The perimeter of East Twin Lake along with a much larger share of West Twin and Shenob Brook are vulnerable to the rapid spread of hydrilla verticillata, a group of top experts agree. If the weed’s spread goes unchecked it could ultimately find its way downstream to the Housatonic River and foul that waterway.
The hydrilla strain, also known as water thyme, was discovered in 2016 in the Connecticut River, which is now choked with unwanted growth in many areas. East Twin is the first Connecticut lake known to have this strain of the invasive weed. It was discovered near the marina this past summer during a routine monitoring of rare plants organized by the Twin Lakes Association. Rare plants are protected by state law.
Calling this a “scary moment,” Curtis Rand, Salisbury First Selectman, added that lake hopping boaters also threaten Lakeville Lake and Long Pond. As a protective measure, Lakeville Lake was closed to boat launches in September and Long Pond was shut down Oct. 3.
The Twin Lakes are “an incredibly precious resource,” said State Rep. Maria Horn. (She and scientist Gregory Bugbee, facing one another, were part of the water tour Oct. 3, pictured right) Horn added that she hopes whatever steps authorities take to address the problem at Twin Lakes will serve as a model for the rest of the state.
Horn and Rand were among officials and experts who convened at the marina to tour the areas where hydrilla has been found. They met with TLA board members, representatives from Lakeville Lake, the Connecticut Department of Energy and Environmental Protection, Connecticut Agricultural Experiment Station, Natural Diversity Database, Army Corp of Engineers, sustainable solutions company SePRO, and scientists at Northeast Aquatic Research. About 30 people attended.
Hydrilla thrives in water up to 20 feet deep, which puts the north end of East Twin and virtually all of West Twin at greatest risk. But all lake properties with shoreline are vulnerable, said George Knoeklein, limnologist at NEAR. The invasive weed spreads largely through fragmentation: pieces of the plant being separated and floating or being transported to other areas. The invasive is best identified as a five-leaf (or more) plant, which distinguishes it from the native elodea.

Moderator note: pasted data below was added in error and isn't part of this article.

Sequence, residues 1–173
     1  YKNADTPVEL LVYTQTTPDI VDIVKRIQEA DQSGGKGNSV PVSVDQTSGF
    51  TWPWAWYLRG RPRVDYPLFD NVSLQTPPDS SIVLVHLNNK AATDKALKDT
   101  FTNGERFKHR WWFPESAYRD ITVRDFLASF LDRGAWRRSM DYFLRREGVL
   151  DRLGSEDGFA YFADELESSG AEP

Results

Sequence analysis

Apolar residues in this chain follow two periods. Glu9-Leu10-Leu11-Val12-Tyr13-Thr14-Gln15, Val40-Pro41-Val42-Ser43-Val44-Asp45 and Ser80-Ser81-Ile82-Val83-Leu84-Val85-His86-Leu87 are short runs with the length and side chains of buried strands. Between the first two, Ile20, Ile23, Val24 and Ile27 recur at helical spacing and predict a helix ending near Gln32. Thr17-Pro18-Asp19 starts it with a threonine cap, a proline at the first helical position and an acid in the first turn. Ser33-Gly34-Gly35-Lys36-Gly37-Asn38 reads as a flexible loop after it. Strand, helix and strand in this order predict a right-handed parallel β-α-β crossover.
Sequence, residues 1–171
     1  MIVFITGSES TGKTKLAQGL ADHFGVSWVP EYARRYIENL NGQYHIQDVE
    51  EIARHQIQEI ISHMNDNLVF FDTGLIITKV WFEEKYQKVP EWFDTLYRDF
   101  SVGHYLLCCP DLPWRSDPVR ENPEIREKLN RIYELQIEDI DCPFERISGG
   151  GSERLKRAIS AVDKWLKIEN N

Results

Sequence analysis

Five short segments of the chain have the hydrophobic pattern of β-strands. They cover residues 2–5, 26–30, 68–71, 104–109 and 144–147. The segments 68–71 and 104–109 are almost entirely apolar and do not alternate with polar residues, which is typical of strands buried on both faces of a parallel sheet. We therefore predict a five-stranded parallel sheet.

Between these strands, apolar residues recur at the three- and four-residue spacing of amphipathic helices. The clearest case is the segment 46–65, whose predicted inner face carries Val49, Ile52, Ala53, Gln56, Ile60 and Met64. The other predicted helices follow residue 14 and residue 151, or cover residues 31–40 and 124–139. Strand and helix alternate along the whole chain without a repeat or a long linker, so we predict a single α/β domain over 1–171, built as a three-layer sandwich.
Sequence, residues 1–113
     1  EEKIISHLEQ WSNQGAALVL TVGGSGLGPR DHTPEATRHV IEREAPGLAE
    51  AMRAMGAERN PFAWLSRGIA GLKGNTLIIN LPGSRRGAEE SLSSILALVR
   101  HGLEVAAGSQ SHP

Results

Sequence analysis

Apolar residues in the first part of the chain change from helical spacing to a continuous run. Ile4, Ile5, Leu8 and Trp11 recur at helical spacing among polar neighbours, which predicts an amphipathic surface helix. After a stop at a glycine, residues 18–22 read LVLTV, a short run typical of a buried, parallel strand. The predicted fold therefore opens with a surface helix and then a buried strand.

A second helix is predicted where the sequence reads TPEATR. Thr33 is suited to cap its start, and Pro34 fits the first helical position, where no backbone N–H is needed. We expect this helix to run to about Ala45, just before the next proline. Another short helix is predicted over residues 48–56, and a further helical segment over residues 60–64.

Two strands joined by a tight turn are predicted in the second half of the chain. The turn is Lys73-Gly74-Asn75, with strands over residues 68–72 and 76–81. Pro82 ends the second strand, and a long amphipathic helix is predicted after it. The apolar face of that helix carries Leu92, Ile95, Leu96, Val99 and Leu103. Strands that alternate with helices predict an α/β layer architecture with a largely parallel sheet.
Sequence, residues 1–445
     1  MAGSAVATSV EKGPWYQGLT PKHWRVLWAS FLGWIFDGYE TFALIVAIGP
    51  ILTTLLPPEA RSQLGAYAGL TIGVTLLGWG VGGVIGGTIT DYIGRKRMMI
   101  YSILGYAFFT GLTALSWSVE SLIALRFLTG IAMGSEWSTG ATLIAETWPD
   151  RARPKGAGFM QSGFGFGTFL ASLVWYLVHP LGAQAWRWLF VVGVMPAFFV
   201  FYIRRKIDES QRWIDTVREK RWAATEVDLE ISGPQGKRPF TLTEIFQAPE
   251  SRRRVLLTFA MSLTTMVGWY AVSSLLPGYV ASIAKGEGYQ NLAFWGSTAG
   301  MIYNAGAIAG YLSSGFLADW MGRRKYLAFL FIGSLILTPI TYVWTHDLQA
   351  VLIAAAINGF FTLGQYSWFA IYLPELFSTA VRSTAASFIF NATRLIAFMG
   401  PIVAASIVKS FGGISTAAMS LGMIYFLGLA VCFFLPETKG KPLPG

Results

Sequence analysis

A critical challenge surfaced when officials at the two-hour gathering were asked where hydrilla in the lake sits on the state’s list of priorities. With virtually every relevant state and local office represented, no one ventured an answer because the way the state government is organized remediation falls into the hands of multiple offices with different missions. There is no single entity calling the shots on hydrilla.
That authority is “noticeably missing,” said Ellie Clark, who gathers and coordinates information for DEEP, which has no specific lakes program. “This is the first we’ve seen it in a lake,” said Gregory Bugbee, a scientist at CAES. “We didn’t know it could move.”
After the meeting, Rep. Horn said her first call was going to be to DEEP Commissioner Katie S. Dykes to discuss designating a point person responsible for dealing with hydrilla. She also said she would push for state funding to help with the costs of treating for hydrilla but that the state would not be able to shoulder the full financial burden, so other sources of funding will be needed. The TLA estimates it will spend about $50,000 monitoring, hand pulling plants, treating the Marina with the herbicide ProcellaCOR, and preparing reports for the state.
There are signs that a heavy dose of herbicide applied in September are working. “The plant appears to have kind of shut down and is just sitting there,” said Mark Heilman director of aquatic technology at SePRO. He saw evidence that the treated hydrilla was dying. But there is no guarantee it won’t still spread.
On a boat tour north of the marina, where rare species are known to exist and which has been off limits for treatment, experts pointed to healthy hydrilla sprouts. The TLA is going to petition for treatment in that area next year. Given the rare plants in that section, and the lack of a single authority, this will not be an easy process. Part of DEEP is setup specifically to safeguard rare plants. That part will likely object, or require copious data, before approving treatment.
The TLA position boils down to this: There is no time to waste; we can risk harming some rare plants now or risk losing much of the watershed later, including those sections of Twin Lakes with rare plants.
TLA board member Russ Conklin leads the discussion at the marina